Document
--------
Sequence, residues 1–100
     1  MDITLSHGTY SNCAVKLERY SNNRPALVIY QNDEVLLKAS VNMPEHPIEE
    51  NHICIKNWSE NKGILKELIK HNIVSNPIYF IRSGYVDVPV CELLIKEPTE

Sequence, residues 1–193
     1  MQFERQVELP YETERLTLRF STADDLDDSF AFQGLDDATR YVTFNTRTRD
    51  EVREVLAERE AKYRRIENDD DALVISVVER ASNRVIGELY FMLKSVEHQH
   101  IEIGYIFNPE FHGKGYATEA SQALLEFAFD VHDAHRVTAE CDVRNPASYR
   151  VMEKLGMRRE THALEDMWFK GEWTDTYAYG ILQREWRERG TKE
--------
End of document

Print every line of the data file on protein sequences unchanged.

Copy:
Sequence, residues 1–100
     1  MDITLSHGTY SNCAVKLERY SNNRPALVIY QNDEVLLKAS VNMPEHPIEE
    51  NHICIKNWSE NKGILKELIK HNIVSNPIYF IRSGYVDVPV CELLIKEPTE

Sequence, residues 1–193
     1  MQFERQVELP YETERLTLRF STADDLDDSF AFQGLDDATR YVTFNTRTRD
    51  EVREVLAERE AKYRRIENDD DALVISVVER ASNRVIGELY FMLKSVEHQH
   101  IEIGYIFNPE FHGKGYATEA SQALLEFAFD VHDAHRVTAE CDVRNPASYR
   151  VMEKLGMRRE THALEDMWFK GEWTDTYAYG ILQREWRERG TKE